I’ve mentioned before that I kind of fell off the active lifestyle bandwagon for the past several months while focusing on a new job and a move to Colorado, so I’m making a somewhat earnest attempt to get back to it. I still haven’t climbed anything, nor have I hit the slopes, nor have I summited any mountains, nor have I gone to the gym consistently…but I’ve done stuff.

Seems to me that beginners and re-beginners (like myself) have a belief that they must pummel their body into submission while regaining their once athletic prowess. I think that’s ass-backwards. The same people that pummel themselves will say things like, “I know I should take it slow and easy, but I should be able to do what I used to.” And so the pummeling continues. What seems to be missing is the fact that slow, steady, and consistent is actally faster. Meh. Getting back to me (cuz that’s what Einstein says my world is all about)…

I’ve hiked consistently every weekend since I got to Colorado, each outing going a bit higher, further, and longer than previous weekends, but that’s not adding (or re-adding) to the muscle I’ve lost or removing the layer of fat I gained as fast as I’d like. Without climbing (indoors or out) or any other load bearing exercises, I can feel my grip is weakened and my physique is suffering. I won’t ever lie about this: I train to become a stronger climber and to look good naked. That’s it.

Enter the Fat Gripz

Fat Gripz are a great tool in building hand and forearm strength. Counter to what a lot of climbers believe (that word is important), climbing is not the only way to build/maintain strength. They attach to all standard dumbbells and barbells, most cable attachments, and some pull-up bars. They add an inch or two of diameter to the bar and increase the emphasis of grip strength on most movements and relieve stress on elbows and shoulders on others.

I chose to use the Fat Gripz for two reasons: 1) Grip strength; 2) I know that I’m so out of it, that putting an emphasis on strength building would yield similar work capacity for the session as a whole.

Let me clarify that 2nd point:

When first starting out and using Fat Gripz, your grip is likely to fatigue faster than the primary muscle of your chosen movement (legs for squats, biceps for curls, glutes for deadlifts, etc.). But because I’m “out of shape”, I would have ended up with similar reps and sets even without the Fat Gripz. So why not use them? Get it?

Because I’m a firm believer of slow, steady, constant progress, I chose four extremely basic movements for my dumbbell complex: hammer curls, push-ups (using the dumbbells for increased range of motion), squats, and shoulder press. I did these in circuit fashion: 10 reps of the movement and then immediately move on to the next movement for 10 reps until I’ve done all four movements, then rest.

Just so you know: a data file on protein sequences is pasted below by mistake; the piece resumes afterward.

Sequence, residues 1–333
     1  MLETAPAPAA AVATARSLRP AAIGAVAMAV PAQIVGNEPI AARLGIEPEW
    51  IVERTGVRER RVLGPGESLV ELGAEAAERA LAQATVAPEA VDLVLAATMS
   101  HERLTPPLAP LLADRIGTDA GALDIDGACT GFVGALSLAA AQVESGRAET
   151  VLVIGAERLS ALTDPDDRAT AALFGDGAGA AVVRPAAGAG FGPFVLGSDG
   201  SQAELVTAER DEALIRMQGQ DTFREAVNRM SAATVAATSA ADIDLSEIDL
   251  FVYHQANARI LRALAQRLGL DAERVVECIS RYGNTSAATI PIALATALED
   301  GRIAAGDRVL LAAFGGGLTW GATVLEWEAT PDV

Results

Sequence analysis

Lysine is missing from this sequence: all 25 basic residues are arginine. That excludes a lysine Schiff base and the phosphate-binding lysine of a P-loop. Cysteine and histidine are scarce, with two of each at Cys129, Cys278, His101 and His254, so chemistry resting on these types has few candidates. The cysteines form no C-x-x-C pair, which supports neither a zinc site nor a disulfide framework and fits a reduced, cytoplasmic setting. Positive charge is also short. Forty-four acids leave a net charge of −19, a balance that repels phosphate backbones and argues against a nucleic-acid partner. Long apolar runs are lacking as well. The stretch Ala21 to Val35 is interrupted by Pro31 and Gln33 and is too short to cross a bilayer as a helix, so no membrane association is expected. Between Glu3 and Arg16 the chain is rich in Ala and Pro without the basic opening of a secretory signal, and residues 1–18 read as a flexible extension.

I knew, in addition to muscular fatigue, that my lungs would have trouble keeping up too (thanks to altitude and general lack of conditioning). In order to complete 40 continuous reps, I had to leave my ego in the other room and pick a dumbbell weight appropriate: 25 lbs. :-/

All of the excuses considered, I managed to only complete three rounds of these four movements in about 17 minutes (I forgot to start a timer). Disheartening? Yes. Embarrassing? Yes. But, a starting point is a starting point. Where you start doesn’t matter, where you end, does. The last few reps of the last set were, admittedly, full of effort (of which, I avoid in a controlled, training environment), and I knew it was time to stop. Sure, I could have waited 5 minutes and done another circuit, but at what cost? The benefit would likely have been very low, and the cost would be increased soreness (DOMS), late(r) for work, and potentially requiring an unnecessary day off.

Three rounds is just fine for me. I’ll do more tomorrow.

Skipping Breakfast

Unless you’ve mosied on over to my other site, AthleteCreator.com, and spent significant time reading there, you wouldn’t know that I adhere to a (mostly) intermittent fasting (IF) lifestyle.

Just skipping breakfast (much less an entire 24 hours) is an absolute shock to most fit-nuts, but here I am, skipping a breakfast that would have landed squarely in the “anabolic window”. Am I crazy?!?!

Listen, the anabolic window is squishy at best. Sure, your nutrient uptake and ability to synthesize protein immediately following a workout is slightly higher, but it’s not nearly as scientific law as most “bros” will have you believe.

Also consider how “light” my workout was and how out of shape I currently am. I really did not break down that much protein that would require that much repair. Eating a decent-sized breakfast under the false context of an anabolic window or going into that mythical “starvation mode” would largely negate everything I had just done. Not only would I likely consume more calories than I had just burned, but I would also disrupt (or block) any of the other added benefits of IF, requiring at least the full 18 hours of fasting (some don’t even take effect until the 24 hour mark).

Had I been in shape; had I burned 700 calores; had I moved 20,000+ lbs. (total) during the workout, then I would consider throwing IF out the window and ate breakfast. Under those conditions, a decent amount of muscle protein would have broken down requiring repair. This little thing I did this morning? Hell nah, son!

I know this post is “all about me” and my singular workout this morning, but take the time to read between the lines and see what it means for you. Do you hold on to some of those beliefs? Are you doing things differently? Could you improve on them by experimenting what I’ve done here? Let me know your thoughts!

Don’t Miss Your Chance

I was stuck in Corporate America for 9 years. I was miserable.

Then I took control.

You can too, and it starts right here.